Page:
Making materiality judgments – a practice statement to make perfect, part two

As we discussed previously, the IASB has issued an exposure draft Definition of Material, with comments to be received by January 15, 2018, and (in final form) Practice Statement 2 Making Materiality Judgments.

Last time we looked at some extracts from the practice statement. Let’s continue with that now.

In the exposure draft of the practice statement, the IASB proposed specifying that: “…if management intentionally misstates items to achieve a particular presentation or result it has done so presumably because it thinks that particular presentation or result could reasonably be expected to influence the decisions of the primary users of the financial statements and such misstatements are material,” and expanded further on the concept with an example. I wrote a whole post on this aspect of the proposals, questioning whether “deliberately misapplying a standard is always inherently more egregious than doing so out of ignorance or carelessness” and concluding that at the very least, more expansion of the concept was needed. I overlooked in that post though that IAS 8.41 already refers briefly to the concept, saying that “financial statements do not comply with IFRSs if they contain either material errors or immaterial errors made intentionally to achieve a particular presentation…”

In the final version, the IASB just echoes what IAS 8.41 already says, without expanding further. The difference is that IAS 8.41 doesn’t say that immaterial errors may become material when they’re made intentionally; it just says that such errors should be corrected regardless. This still leaves some doubt about how to apply the concept – does it matter that an entity deliberately makes immaterial errors to “achieve a particular presentation” of (say) the balance sheet, if its motives for doing that are entirely internally driven, and couldn’t influence the economic decisions that users make on the basis of the statements? – but at least the practice statement doesn’t open up any new questions in this regard.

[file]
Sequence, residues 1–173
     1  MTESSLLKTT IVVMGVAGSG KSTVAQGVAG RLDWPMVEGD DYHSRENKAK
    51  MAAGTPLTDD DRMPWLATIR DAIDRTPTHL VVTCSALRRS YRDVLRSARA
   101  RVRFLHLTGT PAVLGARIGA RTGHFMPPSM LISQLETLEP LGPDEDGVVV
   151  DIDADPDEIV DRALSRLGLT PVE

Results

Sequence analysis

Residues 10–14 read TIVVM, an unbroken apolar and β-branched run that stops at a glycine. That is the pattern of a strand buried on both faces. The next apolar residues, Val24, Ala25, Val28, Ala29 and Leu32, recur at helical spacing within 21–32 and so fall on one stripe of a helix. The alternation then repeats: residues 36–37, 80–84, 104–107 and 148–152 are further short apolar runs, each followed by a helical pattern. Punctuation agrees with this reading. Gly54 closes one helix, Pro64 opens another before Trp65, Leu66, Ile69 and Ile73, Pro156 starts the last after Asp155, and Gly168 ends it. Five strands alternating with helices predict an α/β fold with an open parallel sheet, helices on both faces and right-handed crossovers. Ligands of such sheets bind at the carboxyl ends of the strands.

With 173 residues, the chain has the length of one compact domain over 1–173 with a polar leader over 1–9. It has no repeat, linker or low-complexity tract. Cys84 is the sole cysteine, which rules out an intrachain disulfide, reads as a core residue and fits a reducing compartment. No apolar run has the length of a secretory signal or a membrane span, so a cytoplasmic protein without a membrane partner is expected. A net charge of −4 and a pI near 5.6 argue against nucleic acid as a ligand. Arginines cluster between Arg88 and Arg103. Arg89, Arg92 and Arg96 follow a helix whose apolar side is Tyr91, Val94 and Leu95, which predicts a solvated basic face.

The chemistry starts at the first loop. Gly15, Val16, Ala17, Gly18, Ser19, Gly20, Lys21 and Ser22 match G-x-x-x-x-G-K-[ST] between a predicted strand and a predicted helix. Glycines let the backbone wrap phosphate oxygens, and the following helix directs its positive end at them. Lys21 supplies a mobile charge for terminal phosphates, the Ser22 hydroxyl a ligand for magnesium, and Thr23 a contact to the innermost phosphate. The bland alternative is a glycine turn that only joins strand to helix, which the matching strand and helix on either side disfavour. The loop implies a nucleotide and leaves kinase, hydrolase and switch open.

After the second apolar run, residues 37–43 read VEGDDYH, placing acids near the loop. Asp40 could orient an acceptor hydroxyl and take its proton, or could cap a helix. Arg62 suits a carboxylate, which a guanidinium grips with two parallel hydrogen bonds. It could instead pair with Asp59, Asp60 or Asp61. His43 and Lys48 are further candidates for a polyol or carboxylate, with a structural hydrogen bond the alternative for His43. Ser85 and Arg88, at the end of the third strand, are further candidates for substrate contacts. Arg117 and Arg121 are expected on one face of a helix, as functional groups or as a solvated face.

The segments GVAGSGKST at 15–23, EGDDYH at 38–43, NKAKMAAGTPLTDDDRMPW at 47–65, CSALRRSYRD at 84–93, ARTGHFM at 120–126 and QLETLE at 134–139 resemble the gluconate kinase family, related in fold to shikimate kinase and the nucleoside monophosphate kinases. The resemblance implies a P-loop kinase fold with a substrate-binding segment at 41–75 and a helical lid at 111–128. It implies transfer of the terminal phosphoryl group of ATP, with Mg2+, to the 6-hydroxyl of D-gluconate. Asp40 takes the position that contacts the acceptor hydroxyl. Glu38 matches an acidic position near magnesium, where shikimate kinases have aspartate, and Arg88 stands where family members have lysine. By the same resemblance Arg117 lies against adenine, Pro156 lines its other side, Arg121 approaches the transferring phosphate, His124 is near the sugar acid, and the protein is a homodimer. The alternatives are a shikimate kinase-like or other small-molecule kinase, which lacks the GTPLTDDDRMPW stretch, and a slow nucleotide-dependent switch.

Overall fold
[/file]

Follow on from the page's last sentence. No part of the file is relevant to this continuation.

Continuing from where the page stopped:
In another of my original articles, I set out various instances where focusing on materiality might lead to disclosing more information than issuers might provide at present. Here’s one such example from the final practice statement:

  • In some circumstances, if an entity is not exposed to a risk to which other entities in its industry are exposed, that fact could reasonably be expected to influence its primary users’ decisions; that is, information about the lack of exposure to that particular risk could be material information.

The final version preserves an illustration from the exposure draft: “An international bank holds a very small amount of debt originating from a country whose national economy is currently experiencing severe financial difficulties. Other international banks that operate in the same sector as the entity hold significant amounts of debt originating from that country and, hence, are significantly affected by the financial difficulties in that country.” In the example provided, disclosure of this situation is material on the basis that it “provides the entity’s primary users with useful information about how effective management has been at protecting the bank’s resources from unfavourable effects of the economic conditions in that country.” I said before I could imagine some practitioners (those who are fond of identifying “slippery slopes”) being a bit concerned at this, in that it seems to suggest an obligation for preparers to identify all the risks and conditions that market participants might conceivably think are applicable to the company, and then to explicitly assure them that these risks and conditions aren’t actually applicable, which might seem like an onerous task by any measure. Perhaps everything hangs on the key words “in some circumstances” – that is, if it takes too much work to determine how this concept might apply in any particular instance, then perhaps it isn’t one of those circumstances.

The exposure draft also seemed in some instances to blur the line between the financial statements and the MD&A, for instance: “…a fall in sales of a major product from a material amount in the prior year to an immaterial amount in the current year may be a material change that should be separately disclosed or identified in the current year.” This seems to be more a matter of analyzing the numbers than of fairly presenting them. Anyway, that example from the exposure draft doesn’t appear in the final practice statement, and the concern about the blurred line doesn’t seem as likely to arise. Having said that, the final statement still takes pains to illustrate how a materiality judgment may lead to disclosing information not specifically required by a standard, for example through a scenario where “even though not specifically required by IAS 36, the entity concludes that its assumptions about the likelihood of national enactment of regulations to reduce the use of carbon-based energy, as well as about the enactment plan, constitute material information (in the context of its assessment of a particular tangible asset’s recoverability).”

It will be a valid outcome if the practice statement occasionally prompts issuers to disclose more than they would have otherwise. But the IFRS Foundation has made it clear enough that the main measure of success will be in whether they collectively disclose less…

The opinions expressed are solely those of the author

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